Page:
Book of Abstracts: Albany 2007
June 19-23 2007
A new approach to an old problem: the crystal structure of a DNA- Co(III)⋅bleomycin-B2 complex
Bleomycins constitute a group of antitumor antibiotics that are used clinically to treat squamous cell carcinomas, lymphomas and testicular carcinomas. Their generally accepted mechanism of action is to induce single- and double-strand DNA cleavage mainly through abstraction of the C4'-H of pyrimidine nucleotides at 5'-GC and 5'-GT sites. The bleomycins are interesting molecules containing several domains that contribute to their function: a bithiazole domain that binds DNA, a metal-binding domain that is required for DNA sequence selectivity and oxygen activation (via Fe2+), and a disaccharide region that may play a role in metal-binding as well as cellular uptake. Although bleomycin ranks as one of the best-studied DNA binding/cleavage reagents, until recently the bleomycin-DNA complex has proven refractory to crystallographic analysis. Previously, 2D NMR data have been reported supporting either minor groove or intercalation modes of interaction for the bithiazole moiety. As an alternative approach to these studies, we are using a host-guest system that employs Moloney murine leukemia virus reverse transcriptase (RT) to crystallize and solve the structure of the bleomycin-DNA complex by X-ray crystallography. We have determined crystal structures of both a DNA-Co(III)⋅bleomycin-B2 ?green? complex (a structural analogue of Fe(II)⋅bleomycin + O2) and a structure of the DNA alone. Details of the three-dimensional structure of metallobleomycin-bound DNA will be presented including an analysis of the structural changes induced by the binding of metallobleomycin to a specific DNA sequence. Our goal is to gain detailed insight into the mode of DNA-binding by bleomycin as well as the structural changes that occur during binding and cleavage events. A better understanding of the mechanism of DNA binding and cleavage by bleomycin will provide a model for general DNA-drug interactions and may suggest improvements for drug design to develop better therapeutic treatments for cancer.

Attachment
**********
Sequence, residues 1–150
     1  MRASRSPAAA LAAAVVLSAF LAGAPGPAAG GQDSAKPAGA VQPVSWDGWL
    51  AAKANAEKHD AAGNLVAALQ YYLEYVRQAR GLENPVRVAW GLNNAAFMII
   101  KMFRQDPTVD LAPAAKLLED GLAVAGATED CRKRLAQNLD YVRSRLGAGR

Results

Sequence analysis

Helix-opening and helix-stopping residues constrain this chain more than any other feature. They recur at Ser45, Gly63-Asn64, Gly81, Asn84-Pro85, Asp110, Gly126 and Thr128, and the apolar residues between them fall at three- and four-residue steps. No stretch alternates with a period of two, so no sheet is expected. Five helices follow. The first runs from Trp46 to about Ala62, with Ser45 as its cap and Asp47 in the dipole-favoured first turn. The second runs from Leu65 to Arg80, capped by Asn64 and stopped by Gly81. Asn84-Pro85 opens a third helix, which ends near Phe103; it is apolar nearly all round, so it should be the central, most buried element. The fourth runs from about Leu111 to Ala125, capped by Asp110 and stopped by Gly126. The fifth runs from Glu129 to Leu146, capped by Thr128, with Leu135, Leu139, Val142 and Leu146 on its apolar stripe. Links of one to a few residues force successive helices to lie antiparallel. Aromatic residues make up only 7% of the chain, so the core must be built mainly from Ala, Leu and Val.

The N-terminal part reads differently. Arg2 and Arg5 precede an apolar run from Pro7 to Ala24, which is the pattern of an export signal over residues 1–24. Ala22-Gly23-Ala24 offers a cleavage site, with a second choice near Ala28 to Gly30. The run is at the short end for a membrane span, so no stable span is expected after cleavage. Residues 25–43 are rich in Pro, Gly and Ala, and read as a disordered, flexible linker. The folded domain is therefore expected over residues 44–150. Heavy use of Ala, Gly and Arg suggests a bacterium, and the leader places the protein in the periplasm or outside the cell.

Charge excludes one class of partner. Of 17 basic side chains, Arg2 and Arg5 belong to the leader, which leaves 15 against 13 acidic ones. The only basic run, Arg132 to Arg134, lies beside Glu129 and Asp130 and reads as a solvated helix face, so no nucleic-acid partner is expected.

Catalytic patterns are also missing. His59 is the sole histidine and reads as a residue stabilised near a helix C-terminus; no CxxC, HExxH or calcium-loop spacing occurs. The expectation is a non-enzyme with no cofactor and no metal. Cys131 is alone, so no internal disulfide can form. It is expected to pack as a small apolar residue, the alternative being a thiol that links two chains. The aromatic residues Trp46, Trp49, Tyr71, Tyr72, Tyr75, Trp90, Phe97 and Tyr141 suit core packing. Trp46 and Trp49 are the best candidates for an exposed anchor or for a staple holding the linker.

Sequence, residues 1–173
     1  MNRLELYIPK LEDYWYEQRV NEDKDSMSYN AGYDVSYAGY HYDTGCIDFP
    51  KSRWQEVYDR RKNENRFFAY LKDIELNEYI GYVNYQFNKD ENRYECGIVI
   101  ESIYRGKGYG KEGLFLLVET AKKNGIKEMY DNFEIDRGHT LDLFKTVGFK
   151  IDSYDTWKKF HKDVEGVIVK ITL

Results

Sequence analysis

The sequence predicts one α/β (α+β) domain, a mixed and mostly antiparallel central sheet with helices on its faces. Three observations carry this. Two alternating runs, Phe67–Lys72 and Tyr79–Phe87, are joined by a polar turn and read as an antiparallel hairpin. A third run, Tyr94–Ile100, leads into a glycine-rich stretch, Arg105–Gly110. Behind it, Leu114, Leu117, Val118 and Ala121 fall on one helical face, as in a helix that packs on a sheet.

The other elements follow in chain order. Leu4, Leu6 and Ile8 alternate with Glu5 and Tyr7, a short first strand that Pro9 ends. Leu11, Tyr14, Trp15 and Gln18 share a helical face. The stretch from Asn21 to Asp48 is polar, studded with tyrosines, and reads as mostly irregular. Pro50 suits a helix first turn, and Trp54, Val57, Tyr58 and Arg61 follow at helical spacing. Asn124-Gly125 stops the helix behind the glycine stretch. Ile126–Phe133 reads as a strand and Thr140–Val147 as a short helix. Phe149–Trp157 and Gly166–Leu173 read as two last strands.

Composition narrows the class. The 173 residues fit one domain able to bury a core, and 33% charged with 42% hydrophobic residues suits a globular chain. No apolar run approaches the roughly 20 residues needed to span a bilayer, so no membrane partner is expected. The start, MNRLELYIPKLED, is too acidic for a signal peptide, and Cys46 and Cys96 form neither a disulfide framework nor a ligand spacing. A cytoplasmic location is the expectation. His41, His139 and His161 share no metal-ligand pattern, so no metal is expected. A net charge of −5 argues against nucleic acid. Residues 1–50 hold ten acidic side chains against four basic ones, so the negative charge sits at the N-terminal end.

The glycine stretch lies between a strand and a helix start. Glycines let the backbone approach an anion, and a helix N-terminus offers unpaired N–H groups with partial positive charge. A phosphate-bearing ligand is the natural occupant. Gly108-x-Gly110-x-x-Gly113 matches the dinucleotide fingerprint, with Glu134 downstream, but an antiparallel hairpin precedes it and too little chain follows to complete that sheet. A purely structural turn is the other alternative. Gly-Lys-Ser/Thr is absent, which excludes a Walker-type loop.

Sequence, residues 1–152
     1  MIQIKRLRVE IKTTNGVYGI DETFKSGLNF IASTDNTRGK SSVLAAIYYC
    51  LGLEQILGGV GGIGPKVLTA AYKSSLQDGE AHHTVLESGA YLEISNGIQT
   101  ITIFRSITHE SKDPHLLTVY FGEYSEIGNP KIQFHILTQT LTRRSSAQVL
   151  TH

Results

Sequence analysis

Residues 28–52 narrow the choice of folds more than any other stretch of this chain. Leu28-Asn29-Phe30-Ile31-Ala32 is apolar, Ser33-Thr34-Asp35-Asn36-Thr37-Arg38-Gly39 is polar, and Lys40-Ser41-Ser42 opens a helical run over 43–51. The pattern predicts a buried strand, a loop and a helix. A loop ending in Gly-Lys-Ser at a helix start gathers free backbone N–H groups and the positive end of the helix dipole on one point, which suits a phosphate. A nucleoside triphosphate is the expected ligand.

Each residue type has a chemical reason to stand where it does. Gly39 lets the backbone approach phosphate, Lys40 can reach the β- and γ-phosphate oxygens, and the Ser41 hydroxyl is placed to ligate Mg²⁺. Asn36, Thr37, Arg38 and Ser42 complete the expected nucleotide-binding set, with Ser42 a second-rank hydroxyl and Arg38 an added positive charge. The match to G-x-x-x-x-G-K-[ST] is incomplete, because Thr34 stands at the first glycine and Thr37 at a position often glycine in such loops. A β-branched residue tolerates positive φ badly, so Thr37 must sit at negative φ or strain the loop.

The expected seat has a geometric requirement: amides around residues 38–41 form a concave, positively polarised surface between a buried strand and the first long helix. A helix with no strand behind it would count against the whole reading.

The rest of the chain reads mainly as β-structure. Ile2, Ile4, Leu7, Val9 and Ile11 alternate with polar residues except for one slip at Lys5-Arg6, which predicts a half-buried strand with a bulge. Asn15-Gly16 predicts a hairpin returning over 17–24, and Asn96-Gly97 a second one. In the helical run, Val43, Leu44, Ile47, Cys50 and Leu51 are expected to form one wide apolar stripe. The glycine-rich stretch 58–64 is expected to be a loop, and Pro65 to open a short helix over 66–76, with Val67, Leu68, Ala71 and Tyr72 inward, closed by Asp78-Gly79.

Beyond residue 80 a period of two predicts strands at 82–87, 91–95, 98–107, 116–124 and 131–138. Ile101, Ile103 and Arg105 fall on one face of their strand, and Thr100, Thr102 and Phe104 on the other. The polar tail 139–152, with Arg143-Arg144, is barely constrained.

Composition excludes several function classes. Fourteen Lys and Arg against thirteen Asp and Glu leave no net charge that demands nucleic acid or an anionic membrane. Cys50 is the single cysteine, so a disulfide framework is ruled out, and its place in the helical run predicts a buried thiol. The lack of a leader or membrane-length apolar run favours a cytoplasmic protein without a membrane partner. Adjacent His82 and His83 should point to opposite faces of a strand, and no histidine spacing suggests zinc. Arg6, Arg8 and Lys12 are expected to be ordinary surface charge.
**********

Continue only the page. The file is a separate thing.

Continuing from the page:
Kristie D. Goodwin
Dept. of Biochemistry and Molecular Biology, Indiana Univ. School of Medicine